Italian prosecutors have launched an investigation after a six-year-old boy who was the only person to survive a cable car crash in Italy in May was taken by his grandfather to Israel, against the wishes of other members of his family amid a bitter custody battle.
Eitan Biran, whose parents and two-year-old brother died in the Stresa-Mottarone aerial tramway crash on 23 May, has been at the centre of a custody battle between relatives in Italy and Israel.
Eitan, whose parents were Israeli nationals resident in Italy, had been living with his paternal aunt Aya Biran-Nirko in Pavia before his alleged abduction on Saturday. Biran-Nirko was granted custody of the child after he was discharged from hospital in Turin in June. Gali Peleg, Eitan’s maternal aunt in Tel Aviv, last month began an adoption process, with her lawyer claiming the child was being held hostage.
She told Israel’s Radio 103FM on Sunday: “We did not kidnap Eitan and we will not use that word. We brought Eitan back home. We had to do it after we received no information on his health or mental condition. If the judge had not scheduled meetings [with the child], we would not have seen him.”
Eitan’s maternal grandfather, Shmulik Peleg, moved to Italy from Tel Aviv after the crash. According to reports in the Italian press, Peleg took the child out on Saturday morning but did not bring him home by 6.30pm as agreed. After the alarm was raised, Italian police found Eitan had left Italy onboard a private plane with Peleg, who was in possession of the child’s Israeli passport. Diplomatic sources later confirmed their arrival in Israel.
Italian media reported that Biran-Nirko had repeatedly sent messages to Peleg, who is claimed to have eventually responded: “Eitan has returned home.”
Armando Simbari, a lawyer representing Biran-Nirko, told Corriere della Sera: “The news is upsetting for everyone and creates a lot of concern. He [Eitan] was snatched from the family he grew up with, and from the doctors still treating his trauma.”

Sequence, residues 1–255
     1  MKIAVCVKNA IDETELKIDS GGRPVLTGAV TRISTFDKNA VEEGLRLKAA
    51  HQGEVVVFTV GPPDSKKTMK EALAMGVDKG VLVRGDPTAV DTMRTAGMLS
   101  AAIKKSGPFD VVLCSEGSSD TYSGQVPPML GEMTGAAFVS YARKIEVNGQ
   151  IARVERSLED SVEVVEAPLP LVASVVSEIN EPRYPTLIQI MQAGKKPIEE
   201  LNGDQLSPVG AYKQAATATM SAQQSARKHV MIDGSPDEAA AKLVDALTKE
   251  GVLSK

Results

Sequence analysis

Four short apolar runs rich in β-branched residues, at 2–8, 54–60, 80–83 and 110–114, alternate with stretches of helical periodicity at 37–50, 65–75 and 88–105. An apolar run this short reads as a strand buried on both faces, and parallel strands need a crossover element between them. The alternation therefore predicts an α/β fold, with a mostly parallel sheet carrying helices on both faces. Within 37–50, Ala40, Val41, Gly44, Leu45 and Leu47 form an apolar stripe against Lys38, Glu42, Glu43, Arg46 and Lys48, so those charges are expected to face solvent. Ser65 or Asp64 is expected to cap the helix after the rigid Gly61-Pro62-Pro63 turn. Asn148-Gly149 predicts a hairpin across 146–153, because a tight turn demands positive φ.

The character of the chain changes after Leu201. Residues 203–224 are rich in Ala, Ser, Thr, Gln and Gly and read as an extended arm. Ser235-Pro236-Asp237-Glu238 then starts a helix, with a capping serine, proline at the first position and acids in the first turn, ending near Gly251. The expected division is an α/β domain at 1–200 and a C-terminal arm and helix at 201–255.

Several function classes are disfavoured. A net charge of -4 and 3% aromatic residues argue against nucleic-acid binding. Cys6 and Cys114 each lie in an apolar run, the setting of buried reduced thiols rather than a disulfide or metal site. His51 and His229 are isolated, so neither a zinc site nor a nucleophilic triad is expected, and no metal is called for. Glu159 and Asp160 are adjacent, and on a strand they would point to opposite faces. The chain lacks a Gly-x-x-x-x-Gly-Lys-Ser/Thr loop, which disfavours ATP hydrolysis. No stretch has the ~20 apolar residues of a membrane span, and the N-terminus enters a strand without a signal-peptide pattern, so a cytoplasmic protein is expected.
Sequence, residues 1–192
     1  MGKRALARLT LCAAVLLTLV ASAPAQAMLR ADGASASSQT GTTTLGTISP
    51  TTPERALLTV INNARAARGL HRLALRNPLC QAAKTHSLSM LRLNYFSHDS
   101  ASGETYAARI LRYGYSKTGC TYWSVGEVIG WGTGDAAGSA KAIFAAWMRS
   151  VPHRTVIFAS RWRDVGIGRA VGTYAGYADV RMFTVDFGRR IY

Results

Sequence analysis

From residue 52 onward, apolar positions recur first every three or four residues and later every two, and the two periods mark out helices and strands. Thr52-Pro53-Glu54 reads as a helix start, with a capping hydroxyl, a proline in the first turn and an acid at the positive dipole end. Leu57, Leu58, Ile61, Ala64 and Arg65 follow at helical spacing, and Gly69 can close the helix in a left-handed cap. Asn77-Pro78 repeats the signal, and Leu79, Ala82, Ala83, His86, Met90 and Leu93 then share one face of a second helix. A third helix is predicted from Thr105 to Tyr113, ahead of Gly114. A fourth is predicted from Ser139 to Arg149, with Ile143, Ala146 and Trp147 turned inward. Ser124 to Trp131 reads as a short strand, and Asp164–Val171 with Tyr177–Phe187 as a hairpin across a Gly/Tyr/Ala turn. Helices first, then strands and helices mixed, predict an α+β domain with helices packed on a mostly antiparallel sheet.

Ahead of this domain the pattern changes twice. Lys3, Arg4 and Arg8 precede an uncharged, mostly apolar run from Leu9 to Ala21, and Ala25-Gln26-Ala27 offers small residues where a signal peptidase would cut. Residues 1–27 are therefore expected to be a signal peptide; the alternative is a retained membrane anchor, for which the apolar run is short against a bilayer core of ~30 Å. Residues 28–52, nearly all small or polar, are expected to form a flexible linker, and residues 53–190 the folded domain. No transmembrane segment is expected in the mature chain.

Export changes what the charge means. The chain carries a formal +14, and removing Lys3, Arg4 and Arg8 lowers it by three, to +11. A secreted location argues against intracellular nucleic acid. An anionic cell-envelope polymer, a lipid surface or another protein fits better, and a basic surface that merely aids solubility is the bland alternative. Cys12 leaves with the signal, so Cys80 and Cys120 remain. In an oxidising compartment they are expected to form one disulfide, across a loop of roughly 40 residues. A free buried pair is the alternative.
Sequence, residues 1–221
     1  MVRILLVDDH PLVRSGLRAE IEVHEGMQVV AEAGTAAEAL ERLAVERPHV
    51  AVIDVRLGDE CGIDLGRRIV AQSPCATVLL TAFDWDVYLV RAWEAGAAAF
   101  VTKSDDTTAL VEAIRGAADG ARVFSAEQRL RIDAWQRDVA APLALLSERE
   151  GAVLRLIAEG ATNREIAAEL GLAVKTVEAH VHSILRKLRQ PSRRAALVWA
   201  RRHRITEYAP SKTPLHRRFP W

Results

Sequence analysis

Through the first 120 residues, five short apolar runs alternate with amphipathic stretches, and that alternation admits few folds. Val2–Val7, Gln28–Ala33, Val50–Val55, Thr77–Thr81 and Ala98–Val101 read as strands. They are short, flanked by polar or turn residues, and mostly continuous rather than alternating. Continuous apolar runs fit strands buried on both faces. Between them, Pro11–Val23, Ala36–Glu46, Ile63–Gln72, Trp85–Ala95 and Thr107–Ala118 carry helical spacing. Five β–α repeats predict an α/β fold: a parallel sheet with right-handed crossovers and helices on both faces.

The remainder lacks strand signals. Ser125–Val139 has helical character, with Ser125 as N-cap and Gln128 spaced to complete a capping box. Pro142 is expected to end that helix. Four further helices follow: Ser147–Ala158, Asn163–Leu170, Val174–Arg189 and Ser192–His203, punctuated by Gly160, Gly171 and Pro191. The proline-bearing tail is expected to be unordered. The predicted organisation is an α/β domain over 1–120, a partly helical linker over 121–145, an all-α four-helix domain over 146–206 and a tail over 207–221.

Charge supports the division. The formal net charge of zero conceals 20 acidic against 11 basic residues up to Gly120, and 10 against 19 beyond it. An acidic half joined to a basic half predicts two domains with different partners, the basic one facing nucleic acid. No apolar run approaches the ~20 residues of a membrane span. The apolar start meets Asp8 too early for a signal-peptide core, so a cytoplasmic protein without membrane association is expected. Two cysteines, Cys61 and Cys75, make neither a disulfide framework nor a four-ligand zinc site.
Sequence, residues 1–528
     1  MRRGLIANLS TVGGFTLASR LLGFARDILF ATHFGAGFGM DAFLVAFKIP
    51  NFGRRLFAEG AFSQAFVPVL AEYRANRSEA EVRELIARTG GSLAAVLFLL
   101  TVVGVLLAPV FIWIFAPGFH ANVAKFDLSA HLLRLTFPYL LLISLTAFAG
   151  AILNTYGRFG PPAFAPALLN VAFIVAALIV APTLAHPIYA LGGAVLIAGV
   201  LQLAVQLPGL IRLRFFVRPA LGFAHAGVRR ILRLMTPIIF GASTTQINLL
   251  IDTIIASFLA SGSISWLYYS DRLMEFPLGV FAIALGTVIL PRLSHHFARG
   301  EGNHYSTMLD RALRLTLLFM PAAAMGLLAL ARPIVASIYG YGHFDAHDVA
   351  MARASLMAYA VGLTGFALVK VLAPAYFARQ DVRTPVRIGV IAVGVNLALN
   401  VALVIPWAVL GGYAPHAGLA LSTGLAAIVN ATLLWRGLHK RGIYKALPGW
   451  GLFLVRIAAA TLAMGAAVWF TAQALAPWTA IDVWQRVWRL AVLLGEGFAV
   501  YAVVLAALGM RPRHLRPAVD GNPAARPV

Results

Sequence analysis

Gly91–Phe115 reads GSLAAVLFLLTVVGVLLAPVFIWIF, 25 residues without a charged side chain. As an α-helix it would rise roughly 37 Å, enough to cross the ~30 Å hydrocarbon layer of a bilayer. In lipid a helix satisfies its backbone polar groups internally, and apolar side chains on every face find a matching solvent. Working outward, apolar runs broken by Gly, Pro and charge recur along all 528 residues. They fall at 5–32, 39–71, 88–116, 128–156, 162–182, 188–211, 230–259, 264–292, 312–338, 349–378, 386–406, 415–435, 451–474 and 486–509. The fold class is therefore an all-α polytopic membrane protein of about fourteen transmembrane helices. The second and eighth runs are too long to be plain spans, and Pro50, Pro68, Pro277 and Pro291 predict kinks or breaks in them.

Eitan’s great grandparents also died in the crash, which is believed to have happened when a lead cable snapped, causing the cabin to hurtle backwards before falling about 20 metres into a wooded area below. The cabin was just a few metres away from Monte Mottarone, its destination almost 1,500 metres above sea level, when the crash happened. Fifteen people had boarded the cable car in Stresa, the town below, next to Lake Maggiore, for the 20-minute ride. Eight of the 14 who died, including a five-year-old boy, were Italian nationals. The other victim was an Iranian national who lived in Rome.
Investigators are still working to establish the cause of the crash. The cabin’s “black box” was recently removed from the crash site. It is expected to take three months to assess whether information contained in the software will indicate anomalies in the cable car system. Fourteen people from the company that built and maintained the cable car system and the firm that managed it are under investigation.
Prosecutors claimed a few days after the crash that the emergency brakes, which ought to have prevented the cabin from falling backwards when the lead cable snapped, had been deactivated in order to avoid disruptions to the service.
The Stresa-Mottarone service had resumed in late April as Italy eased coronavirus lockdown restrictions. Investigators said in late May that technical checks were done, including one on 3 May to “remedy inefficiencies”, but had not been “decisive” in resolving issues. . . . . . . . . . . . . . . . . . . . . . . . . . . . . . . . . . . . . . . . . . .
In June, Italy’s public broadcaster, Rai, was criticised for broadcasting leaked CCTV footage of the crash, which was Italy’s worst cable car disaster in 20 years.
Twenty people died in February 1998 when a US military aircraft that was flying too low sliced a cable supporting a cabin near the Dolomites ski resort of Cavalese. In 1976, 43 people died in an accident affecting the same cable car system.